If you get a UK benefit, such as short-term incapacity benefit or maternity allowance, your healthcare cover is subject to different rules; the period of your cover and application criteria may differ depending on your particular circumstances.For more information, contact the International Pension Centre (IPC) or the Department for Work and Pensions (DWP).Back to top

Healthcare provided under the E106

If you move to an EEA country to live but not work and don't receive a UK benefit, you may be eligible for up to two-and-a-half years of state healthcare, paid for by the UK.You will need to apply for an E106 with the the Overseas Healthcare Team (Newcastle) and prove that you have worked in the UK and paid National Insurance contributions up to three years before your departure.For further advice, contact the Overseas Healthcare Team (Newcastle)Overseas Healthcare Team (Newcastle) Room TC001 Tyneview Park Whitley Road Newcastle upon Tyne NE98 1BATel: 0191 218 1999 (Monday to Friday 8am-5pm)The E106 will entitle you to treatment on the same basis as a resident of the country you moving to. This may mean that you have to make a patient contribution to the cost of your care.When the cover on the E106 expires, you cannot get any further medical cover from the UK until you are in receipt of a UK state pension. It is up to the country’s authorities to decided whether you are eligible to join their healthcare scheme. You will also be entitled to a UK-issued EHIC, allowing you to visit other EEA countries besides the one your are a resident with. http://www.nhs.uk/NHSEngland/Healthcareabroad/Pages/Livingabroad.aspx 

SergeThanks for providing such a detailed response on this.In our case we are not entitled to any support from the UK Government/NHS and have no choice but to obtain private health cover in order to obtain residency in Italy. Many insurers in italy provide 'comprehensive' health cover policies, however, our problem is getting our local comune to accept that any of the policies available meet the requirement.It would be useful to hear of any specifc policies offered by insurers that have been accepted for residency application purposes.Antinello

 I took clients through the residency process a few weeks ago and the comune was happy to accept a RAS Allianz policy which cost 124 euros pa - it's teh chepaest that Ive found and fulfills the requirements for residency.  I posted about it on another thread - if you visit the RAS allianz website I believe you can also buy it online.  

Just as a follow up to this, we have managed to find an insurance agent in Rome that offers a policy specifcally designed for foreigners applying for residency in Comunes. It's a 'formula' they just developed. We have sent a draft policy to our comune and it has been approved in principle.Will post the specific policy/agent once this is formally accepted by the Comune.On another note the Comune have asked us to provide a 'letter of family status' from the UK Embassy in Rome. I contacted the Embassy in Rome and they have no idea what this is and said the only thing they can do is put a stamp on a photocopy of our marriage cert. It would then be up to us to get this translated.Does anyone have any experience of getting this particular document for residency purposes?Antinello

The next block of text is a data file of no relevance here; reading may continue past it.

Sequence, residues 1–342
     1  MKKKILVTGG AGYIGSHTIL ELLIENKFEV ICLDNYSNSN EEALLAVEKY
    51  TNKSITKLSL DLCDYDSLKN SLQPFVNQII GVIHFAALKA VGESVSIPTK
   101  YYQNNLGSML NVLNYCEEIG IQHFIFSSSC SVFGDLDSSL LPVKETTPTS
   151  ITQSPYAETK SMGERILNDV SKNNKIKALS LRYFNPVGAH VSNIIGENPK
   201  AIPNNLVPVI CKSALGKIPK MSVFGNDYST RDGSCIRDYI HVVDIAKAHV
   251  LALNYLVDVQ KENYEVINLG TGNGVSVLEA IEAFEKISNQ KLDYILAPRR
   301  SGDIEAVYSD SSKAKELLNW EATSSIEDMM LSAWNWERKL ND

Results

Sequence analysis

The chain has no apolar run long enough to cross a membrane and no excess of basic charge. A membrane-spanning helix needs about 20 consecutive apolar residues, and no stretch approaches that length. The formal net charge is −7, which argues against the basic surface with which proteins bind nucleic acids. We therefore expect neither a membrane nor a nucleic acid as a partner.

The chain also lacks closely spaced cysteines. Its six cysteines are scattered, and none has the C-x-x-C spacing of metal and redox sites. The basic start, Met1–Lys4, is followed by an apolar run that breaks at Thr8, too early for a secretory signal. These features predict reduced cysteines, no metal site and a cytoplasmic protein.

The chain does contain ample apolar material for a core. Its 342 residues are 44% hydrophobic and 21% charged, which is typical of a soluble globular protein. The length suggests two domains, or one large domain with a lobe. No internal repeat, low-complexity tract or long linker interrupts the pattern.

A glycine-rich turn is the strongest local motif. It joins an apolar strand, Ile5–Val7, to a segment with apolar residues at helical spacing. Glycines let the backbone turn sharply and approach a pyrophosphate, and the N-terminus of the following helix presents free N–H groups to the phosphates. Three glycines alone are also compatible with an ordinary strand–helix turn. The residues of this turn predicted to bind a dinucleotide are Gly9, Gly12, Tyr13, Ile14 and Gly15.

From your original post and this post it seems to me that your Commune do not know what they want, but know what they do not want!   That is not strange situation for government agencies.  Back to health insurance!  Italian insurance companies, I understand, will offer private health care insurance to supplement state benefits, this is not comprehensive medical insurance but if your Commune will accept it and you can afford to pay as you go (payment for the equivalent of state benefits) for your health care then this is the policy for you.  Comprehensive health care insurance  will cover all elective care including hospitalisation in private hospitals, tests, outpatient consultations etc.  They could cost in excess of €2000 per annum for an individual: the premium would of course depend on the age of individual, the level of cover required, his/hers health status and the country it is valid for.  Most insurance companies also provide family cover.  I mention the country because I know private health care is cheaper in Italy than in the UK (I presume you are a UK citizen).   As mentionned in my previous post if you are resident in Italy technically you are not entitled to free healthcare from NHS UK.  When you are in the UK (or if elect to be treated in the UK) and you require medical treatment your private health insurance may not cover you unless you make specific provision for it.  This article provides more guidance.http://www.justlanded.com/english/Italy/Italy-Guide/Health/Private-Healt...A range of companies provide private medical insurance, BUPA International, SAI (an Italian company), AXA, even the Italian Post Office (I understand sells a policy to students, they may have other products) etc. For what it is worth you may want go and see the local mayor during his public sessions and ask him to clarify the Commune's position.  Alternatively, as you know in all countries, it is not what you know or what you are entitled to that matters but who you know.  If you know a local influential person locally get him or her to accompany you to the Commune and talk to Anagrafe.  Most of the time this will do the trick.   As I said there are two issues: what the Commune will accept and what your insurance needs are will dictate the type of policy you buy. Hope this helps and good luck!